“Candles! It's my friend Fred who introduced me to candles when camping. Just light up a few of them on the picnic table to create a truly warm and fuzzy vibe. You can even light them at breakfast! I often bring small lamps, because they don’t take up much space and they do the trick, in a rustic shelter as well as at the cabin.” – Karina, content strategy and social media manager
“My hammock! Ideal to doze off to the sounds of nature whether you’re deep in the forest or at the edge of the water. Also, honestly, even when camping, an afternoon nap is a must.” – Marie-Julie, marketing technician
4. Cooking over the fire is a real headache
False. If you're trying to replicate the same recipes as at home, yes, it can be complex. But truth be known, cooking in nature means discovering a whole new world of taste. You just have to revise your methods. Sunday brunch is always a must and a moment of great comfort. But have you ever thought about trying Sunday brunch in the forest, prepared over the open fire? The smells of the fire mix with the flavours of the ingredients to awaken your senses. To begin, ideally, you should consider dishes which can be cooked in a single pot. And by this, we mean something as gastronomic as an asparagus and parmesan risotto. Let yourself be inspired by these recipes which can be cooked alfresco.
5. It’s complex (even impossible) to do the dishes in the middle of the forest
True... and false. Yes, it's more complex than at home. But we’re willing to bet that when you get home after your nature stay, you'll have developed new cooking methods so as to use as few dishes as possible. Because to be honest, whether camping or at home, cleaning up isn’t exactly a blast! In the forest, dare to eat straight from the dish, or else consider recipes that can be eaten with your hands, like tacos or a full meal dip. In any case, campsites are always close to a water source so you can wash the only mess kit you’ll have used.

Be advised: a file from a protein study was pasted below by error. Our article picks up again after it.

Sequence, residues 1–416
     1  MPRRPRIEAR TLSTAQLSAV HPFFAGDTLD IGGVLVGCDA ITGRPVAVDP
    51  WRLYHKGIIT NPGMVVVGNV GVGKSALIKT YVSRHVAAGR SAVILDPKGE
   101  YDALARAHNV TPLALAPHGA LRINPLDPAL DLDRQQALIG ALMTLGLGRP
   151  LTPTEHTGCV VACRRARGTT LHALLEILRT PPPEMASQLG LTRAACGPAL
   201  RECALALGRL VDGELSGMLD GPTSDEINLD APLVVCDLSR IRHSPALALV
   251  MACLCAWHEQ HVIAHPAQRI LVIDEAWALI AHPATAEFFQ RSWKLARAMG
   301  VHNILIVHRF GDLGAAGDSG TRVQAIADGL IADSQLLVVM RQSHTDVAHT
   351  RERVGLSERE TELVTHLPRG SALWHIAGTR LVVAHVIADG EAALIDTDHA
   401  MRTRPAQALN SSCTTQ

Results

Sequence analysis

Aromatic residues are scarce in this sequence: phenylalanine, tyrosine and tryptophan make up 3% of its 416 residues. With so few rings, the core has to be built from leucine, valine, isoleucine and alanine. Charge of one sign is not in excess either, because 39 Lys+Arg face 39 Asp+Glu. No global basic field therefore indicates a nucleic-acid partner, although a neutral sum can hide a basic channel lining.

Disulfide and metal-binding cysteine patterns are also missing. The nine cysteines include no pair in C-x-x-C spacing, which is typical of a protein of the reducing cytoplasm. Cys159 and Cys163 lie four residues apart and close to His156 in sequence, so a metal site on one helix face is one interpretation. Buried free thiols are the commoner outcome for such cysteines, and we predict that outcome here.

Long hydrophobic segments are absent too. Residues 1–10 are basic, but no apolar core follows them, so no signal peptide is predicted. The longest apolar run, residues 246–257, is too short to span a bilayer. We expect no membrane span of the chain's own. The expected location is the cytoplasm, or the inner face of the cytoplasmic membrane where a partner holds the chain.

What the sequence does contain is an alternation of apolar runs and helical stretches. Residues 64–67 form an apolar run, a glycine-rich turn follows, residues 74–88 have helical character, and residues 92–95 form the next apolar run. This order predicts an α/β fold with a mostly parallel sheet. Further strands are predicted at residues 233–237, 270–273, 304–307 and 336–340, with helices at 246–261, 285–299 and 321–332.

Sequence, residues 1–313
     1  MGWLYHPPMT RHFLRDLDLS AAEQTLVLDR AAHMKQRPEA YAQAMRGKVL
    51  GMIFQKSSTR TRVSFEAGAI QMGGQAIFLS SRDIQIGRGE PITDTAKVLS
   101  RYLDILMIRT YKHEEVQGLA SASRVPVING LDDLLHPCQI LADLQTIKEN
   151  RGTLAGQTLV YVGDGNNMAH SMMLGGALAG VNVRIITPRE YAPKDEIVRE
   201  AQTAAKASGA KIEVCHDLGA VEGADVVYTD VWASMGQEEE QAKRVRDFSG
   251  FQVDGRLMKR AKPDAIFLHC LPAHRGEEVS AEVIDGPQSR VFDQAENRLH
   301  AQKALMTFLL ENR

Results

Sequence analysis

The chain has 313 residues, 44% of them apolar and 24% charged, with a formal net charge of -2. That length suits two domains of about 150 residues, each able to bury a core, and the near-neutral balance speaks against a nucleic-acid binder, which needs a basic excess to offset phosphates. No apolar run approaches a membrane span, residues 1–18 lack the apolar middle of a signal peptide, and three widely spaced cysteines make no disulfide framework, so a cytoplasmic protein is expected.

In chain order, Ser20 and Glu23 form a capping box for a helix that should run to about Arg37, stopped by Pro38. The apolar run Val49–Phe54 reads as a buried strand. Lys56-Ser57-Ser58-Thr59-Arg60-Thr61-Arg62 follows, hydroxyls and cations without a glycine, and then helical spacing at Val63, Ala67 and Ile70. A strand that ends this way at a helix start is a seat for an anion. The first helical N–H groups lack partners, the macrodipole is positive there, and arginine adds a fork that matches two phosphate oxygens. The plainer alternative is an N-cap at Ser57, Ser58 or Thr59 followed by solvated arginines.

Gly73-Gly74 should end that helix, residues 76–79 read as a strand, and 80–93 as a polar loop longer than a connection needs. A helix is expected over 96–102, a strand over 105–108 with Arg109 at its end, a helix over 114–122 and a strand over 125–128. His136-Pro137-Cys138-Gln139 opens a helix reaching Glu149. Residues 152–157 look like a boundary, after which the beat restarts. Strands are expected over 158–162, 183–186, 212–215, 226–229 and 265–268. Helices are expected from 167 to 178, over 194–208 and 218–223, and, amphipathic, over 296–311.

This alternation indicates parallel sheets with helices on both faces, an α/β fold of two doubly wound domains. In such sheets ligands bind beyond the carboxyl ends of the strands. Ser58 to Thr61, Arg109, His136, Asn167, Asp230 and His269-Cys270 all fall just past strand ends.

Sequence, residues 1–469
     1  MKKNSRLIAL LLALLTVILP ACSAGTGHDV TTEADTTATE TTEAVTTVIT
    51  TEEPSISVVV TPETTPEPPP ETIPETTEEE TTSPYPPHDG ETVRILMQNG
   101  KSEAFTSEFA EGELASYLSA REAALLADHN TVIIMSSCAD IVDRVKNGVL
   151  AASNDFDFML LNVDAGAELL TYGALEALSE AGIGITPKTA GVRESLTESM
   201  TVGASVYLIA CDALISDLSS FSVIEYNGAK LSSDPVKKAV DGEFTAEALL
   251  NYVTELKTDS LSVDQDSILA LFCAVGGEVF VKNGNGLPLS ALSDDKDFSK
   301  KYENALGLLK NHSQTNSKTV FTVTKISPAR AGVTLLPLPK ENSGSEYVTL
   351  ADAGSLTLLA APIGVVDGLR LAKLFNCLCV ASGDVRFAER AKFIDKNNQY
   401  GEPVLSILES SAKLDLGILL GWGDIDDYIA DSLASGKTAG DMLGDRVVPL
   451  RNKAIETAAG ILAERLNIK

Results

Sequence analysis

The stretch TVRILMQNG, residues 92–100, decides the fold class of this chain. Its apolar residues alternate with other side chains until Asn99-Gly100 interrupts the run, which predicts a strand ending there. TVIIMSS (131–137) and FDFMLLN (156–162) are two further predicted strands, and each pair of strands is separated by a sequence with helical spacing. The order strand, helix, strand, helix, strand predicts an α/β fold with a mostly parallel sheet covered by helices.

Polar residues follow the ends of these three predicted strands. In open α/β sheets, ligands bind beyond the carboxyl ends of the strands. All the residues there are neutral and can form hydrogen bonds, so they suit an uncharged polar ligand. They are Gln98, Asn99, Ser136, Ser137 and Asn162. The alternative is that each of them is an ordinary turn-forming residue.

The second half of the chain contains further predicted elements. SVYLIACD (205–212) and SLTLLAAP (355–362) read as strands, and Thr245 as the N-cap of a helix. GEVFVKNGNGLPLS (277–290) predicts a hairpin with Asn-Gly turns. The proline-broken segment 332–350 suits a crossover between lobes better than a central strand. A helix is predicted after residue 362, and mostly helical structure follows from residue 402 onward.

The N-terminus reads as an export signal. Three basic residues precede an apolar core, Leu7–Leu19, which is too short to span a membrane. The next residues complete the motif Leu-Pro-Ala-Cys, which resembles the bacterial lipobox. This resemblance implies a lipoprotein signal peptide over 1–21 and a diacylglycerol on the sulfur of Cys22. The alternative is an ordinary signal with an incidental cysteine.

6. Insects are even more invasive
False. If there's one thing that doesn't change according to the number of services chosen, it's insects. Whether you’re at a full-comfort campground or a rustic one, if it's the season, insects will be on hand. However, in wilderness mode, insects are in fact generally less attracted by campers since the zone is darker and less busy. In any case, consider bringing a citronella candle to keep them at bay. These candles are efficient, and you can include them among the little goodies you bring for atmosphere!
7. There are no toilets
False. Toilets are accessible in rustic areas, only they’re dry. And in reality, you’ll find more comfort, because there’s more privacy. That's right, these types of campsites are less busy, so their toilets are too!
In spite of all the advantages, taking up the rustic stay challenge may seem like a very big step indeed. And we completely understand. In this case, consider a gradual approach. If you’re used to two or three service camping, you can gradually reduce the comforts one by one. Otherwise, you can also bring small devices, such as a power bank as a form of compensation if you need it. Using these tricks, maybe by the end of the season you’ll feel ready to dare to try some genuine rustic camping. And once you’re all set, we promise one thing: you'll never want to trade your room with unlimited stars for anything in the world!